Webinar Asks: Have We Hit Bottom?
The Associated General Contractors (AGC) of America and Reed Construction
Data co-hosted a webinar today that asked the question: "Have
We Hit Bottom?"
According to Jim Haughey, chief economist of Reed Construction
Data, "Total construction spending is likely to hit bottom
before the end of this year." For the nonresidential sector
specifically, starts are expected to reach a bottom later in the
fall of this year.
Haughey offered three landmarks to watch for to know when the economy
has reached its bottom. First is the consumer confidence index.
"This has been a major contributor as to how quickly this
recession has developed," he says. He says this marker needs
to rise to about 70 and stay there for several months, and that's
not likely to occur until "well into the year."
U.S. Nonresidential Construction Spending
Outlook ($ millions, annual rate)
|Source: 2009 Market Insights Webcast, Reed
The second point is the inventory/sales ratio; he says this factor
will have to decline for several months back down to around 1.3
before factories will recall workers, and that's expected to occur
in the summer.
The third item is that we'll "have to see some improvement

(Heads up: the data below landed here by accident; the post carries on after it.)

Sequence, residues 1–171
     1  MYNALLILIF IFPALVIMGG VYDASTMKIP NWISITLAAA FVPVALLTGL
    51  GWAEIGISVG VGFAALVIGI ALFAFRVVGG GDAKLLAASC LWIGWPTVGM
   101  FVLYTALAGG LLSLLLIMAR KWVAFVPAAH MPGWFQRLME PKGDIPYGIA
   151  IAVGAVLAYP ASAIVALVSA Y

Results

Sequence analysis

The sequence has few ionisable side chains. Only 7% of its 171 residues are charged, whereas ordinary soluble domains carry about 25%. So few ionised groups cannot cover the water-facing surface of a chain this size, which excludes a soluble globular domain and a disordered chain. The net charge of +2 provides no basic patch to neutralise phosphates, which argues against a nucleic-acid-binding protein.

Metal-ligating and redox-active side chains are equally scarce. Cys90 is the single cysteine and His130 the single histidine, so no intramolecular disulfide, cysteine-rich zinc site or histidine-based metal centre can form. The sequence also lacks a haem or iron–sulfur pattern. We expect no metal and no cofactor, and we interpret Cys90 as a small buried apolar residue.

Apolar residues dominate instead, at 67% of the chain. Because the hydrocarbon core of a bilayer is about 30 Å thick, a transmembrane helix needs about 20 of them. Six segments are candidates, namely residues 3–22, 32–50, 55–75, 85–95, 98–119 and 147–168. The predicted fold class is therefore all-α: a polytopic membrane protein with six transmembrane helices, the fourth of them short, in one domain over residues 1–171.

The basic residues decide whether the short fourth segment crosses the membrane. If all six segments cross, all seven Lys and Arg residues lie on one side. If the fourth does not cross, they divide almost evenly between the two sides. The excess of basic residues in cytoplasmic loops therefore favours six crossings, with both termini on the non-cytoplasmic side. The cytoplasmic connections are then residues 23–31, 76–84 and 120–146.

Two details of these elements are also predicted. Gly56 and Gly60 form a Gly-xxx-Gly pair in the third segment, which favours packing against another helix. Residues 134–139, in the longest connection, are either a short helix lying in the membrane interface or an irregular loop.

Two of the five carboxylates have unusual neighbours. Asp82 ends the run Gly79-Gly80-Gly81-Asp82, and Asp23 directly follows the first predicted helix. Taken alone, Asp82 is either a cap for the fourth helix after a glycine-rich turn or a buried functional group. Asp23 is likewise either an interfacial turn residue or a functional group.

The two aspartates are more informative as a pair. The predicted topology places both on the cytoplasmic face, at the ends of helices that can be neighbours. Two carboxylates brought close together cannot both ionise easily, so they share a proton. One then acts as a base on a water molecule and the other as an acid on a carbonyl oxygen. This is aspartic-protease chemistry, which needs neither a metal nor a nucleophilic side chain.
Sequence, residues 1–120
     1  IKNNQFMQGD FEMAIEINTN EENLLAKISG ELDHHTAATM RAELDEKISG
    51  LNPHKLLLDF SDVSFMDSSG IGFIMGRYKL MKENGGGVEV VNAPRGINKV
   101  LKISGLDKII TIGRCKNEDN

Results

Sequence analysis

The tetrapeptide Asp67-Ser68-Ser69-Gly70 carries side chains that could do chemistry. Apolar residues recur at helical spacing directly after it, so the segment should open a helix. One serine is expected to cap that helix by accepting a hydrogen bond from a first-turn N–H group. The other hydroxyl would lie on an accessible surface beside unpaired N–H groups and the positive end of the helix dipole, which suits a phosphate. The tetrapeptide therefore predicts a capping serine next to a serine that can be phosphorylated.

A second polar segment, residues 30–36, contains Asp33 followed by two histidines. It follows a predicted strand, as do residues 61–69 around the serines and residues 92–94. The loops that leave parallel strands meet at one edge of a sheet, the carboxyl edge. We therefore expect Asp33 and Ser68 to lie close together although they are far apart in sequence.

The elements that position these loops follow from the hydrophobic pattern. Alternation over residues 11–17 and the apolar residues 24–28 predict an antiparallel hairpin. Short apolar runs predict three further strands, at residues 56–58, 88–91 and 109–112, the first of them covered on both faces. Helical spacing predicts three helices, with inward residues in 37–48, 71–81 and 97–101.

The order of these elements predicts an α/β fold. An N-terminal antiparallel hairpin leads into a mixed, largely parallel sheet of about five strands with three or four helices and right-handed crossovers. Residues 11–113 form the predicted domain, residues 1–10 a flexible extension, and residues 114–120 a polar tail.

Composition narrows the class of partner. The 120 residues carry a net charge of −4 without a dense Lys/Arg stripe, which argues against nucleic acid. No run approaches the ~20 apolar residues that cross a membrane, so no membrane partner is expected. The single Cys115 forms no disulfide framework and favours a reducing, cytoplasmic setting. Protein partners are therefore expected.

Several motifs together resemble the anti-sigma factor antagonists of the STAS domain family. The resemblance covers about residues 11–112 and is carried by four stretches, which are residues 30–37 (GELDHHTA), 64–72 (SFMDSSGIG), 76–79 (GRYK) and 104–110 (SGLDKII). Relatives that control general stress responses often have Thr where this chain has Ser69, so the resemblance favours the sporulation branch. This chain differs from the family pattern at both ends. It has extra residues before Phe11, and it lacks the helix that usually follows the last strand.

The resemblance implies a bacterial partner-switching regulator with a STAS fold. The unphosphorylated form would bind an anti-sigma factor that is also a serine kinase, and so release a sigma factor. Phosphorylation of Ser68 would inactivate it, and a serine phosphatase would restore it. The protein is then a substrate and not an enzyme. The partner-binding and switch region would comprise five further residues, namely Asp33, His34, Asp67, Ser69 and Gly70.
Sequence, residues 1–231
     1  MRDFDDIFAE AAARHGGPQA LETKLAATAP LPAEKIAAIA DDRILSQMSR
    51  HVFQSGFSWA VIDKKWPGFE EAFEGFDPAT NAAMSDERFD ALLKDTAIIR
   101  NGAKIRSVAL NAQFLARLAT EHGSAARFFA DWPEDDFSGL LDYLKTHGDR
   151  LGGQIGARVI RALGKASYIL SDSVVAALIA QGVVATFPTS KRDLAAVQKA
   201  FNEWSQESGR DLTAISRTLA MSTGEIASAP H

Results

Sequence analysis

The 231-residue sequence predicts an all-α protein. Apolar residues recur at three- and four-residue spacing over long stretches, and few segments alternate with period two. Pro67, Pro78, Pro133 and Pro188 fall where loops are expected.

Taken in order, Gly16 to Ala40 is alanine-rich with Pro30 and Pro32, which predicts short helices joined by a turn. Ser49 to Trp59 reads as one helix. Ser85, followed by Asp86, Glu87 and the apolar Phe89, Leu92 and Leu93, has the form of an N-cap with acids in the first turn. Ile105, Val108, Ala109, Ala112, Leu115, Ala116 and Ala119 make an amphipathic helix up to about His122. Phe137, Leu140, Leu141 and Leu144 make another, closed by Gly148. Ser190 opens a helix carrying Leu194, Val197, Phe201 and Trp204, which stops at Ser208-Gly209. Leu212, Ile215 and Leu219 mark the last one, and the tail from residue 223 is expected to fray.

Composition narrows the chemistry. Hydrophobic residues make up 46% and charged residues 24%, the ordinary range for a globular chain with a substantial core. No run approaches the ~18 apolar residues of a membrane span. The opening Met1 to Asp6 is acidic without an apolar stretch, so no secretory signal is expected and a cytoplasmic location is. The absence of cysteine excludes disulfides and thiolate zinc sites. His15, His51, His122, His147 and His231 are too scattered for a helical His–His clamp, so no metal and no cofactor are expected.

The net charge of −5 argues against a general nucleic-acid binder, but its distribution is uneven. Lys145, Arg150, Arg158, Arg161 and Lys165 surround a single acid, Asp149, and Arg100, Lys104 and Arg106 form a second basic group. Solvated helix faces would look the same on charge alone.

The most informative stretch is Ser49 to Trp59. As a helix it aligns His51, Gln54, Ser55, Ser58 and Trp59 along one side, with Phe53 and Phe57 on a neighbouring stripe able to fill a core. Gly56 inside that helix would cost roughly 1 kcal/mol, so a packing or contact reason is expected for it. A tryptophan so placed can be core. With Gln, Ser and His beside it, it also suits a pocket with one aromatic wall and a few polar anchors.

in the credit market."
During the question and answer session, one listener asked for
suggestions of things company owners can do to whether the storm.
Haughey suggested first that owners "recognize that we may
have the bottom in sight but we're not there yet." As he noted,
there's "a good part of a year ahead." Haughey further
added, "Be sure that you can get there; if you can't get there
now's the time to get out. Remember, changes in who the market leaders
are usually take place at the bottom of a recession-prepare to take
advantage when it's over."
Haughey also reminded listeners, "There's still a lot of business
stretch your market concept a little bit."
What does this all mean for commercial construction?
Change in Producer Prices for Construction
vs. Consumer Prices, 2003 -2008
(December 2003 = 100)